Then not long later, did I not laugh and roar when I read that Qatar is so rich, it is going to air-condition all the stadiums, the streets, the buses, and every spectator’s underpants, so there will be no problem, squire. Unbelievable, but it turned out to be true.
In fact, I have grown quite used to the idea of a summer World Cup in Qatar, mad and potty and crazy though it first sounded, just as I got used to £10,000 transfers, then £100,000, then £1m and now £85m transfers. And also to acceptance of the World Cup itself, now the biggest sporting event in the calendar, at which poor old snobby, superior, pathetic old England gets regularly stuffed by South Bohemia or Pan Macedonia. In football, one should never scoff.
And it has been a useful learning process. I now know you don’t spell it Quatar, with a “u”, silly me. But how do you pronounce it? Like that bad cold and mucus in the throat or like that music instrument which Eric Clapton plays very well? Neither. I think. Anyway, I pronounce it Ka-Ta to rhyme with Ta-Ta.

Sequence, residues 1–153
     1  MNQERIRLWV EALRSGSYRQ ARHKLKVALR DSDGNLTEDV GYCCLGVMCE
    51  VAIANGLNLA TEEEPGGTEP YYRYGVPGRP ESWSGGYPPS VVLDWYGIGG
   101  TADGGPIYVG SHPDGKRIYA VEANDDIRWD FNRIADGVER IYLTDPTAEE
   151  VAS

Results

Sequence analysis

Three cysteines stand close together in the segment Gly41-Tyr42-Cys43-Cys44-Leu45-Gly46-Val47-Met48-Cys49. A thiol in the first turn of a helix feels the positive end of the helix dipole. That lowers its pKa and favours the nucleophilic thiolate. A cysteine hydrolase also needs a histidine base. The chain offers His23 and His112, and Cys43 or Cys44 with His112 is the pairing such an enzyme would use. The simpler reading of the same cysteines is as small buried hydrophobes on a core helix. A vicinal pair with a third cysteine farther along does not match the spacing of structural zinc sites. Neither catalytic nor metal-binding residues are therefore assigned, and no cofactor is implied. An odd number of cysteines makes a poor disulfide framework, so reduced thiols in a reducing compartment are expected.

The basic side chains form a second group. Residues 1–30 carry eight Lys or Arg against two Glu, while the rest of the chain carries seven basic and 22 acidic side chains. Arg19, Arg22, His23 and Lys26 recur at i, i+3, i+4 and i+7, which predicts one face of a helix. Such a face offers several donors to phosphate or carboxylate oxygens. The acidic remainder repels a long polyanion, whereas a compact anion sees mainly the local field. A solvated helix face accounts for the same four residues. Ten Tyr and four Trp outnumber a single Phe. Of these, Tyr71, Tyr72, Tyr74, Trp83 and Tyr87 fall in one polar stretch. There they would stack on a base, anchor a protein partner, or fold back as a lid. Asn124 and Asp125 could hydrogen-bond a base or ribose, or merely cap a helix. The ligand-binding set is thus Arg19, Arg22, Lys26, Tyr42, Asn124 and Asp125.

I also know that Qatar is London’s landlord, so we better get used to it owning everything, from Harrods and the Shard to Docklands and Canary Wharf. The Qataris have trillions every minute coming in from their oil and natural gas so they have to spend it somewhere. Lucky us, being recipients.
I have been to the Gulf, on a cruise, and popped into various Arab countries, but I can’t recall what Qatar was like. They all seemed the same, boring desert, and then some high rise, hideous skyscrapers, except in Iran, yes went there as well, and that was fascinating. In a fish market I saw some lads wearing football tops with Emirates on the front and Lampard on the back. I took loads of photos, until I was stopped. (For non-footer types, the point of taking the pix was that Lampard plays for Chelsea who are not sponsored by the Emirates, that’s Arsenal, so it was a good example of Iranian rip-off merchandising getting it all wrong, har har).
The heat on the Gulf, by the way, was appalling. No sun, no blue sky, just grey, oppressive, heavy, horrible, furnace hot, so every breath in the open air is a struggle. But of course not to worry, come 2022, all footer fans will be able to swan around all nice and cool showing off their beer bellies. Hmm, will there be beer? Not sure about that.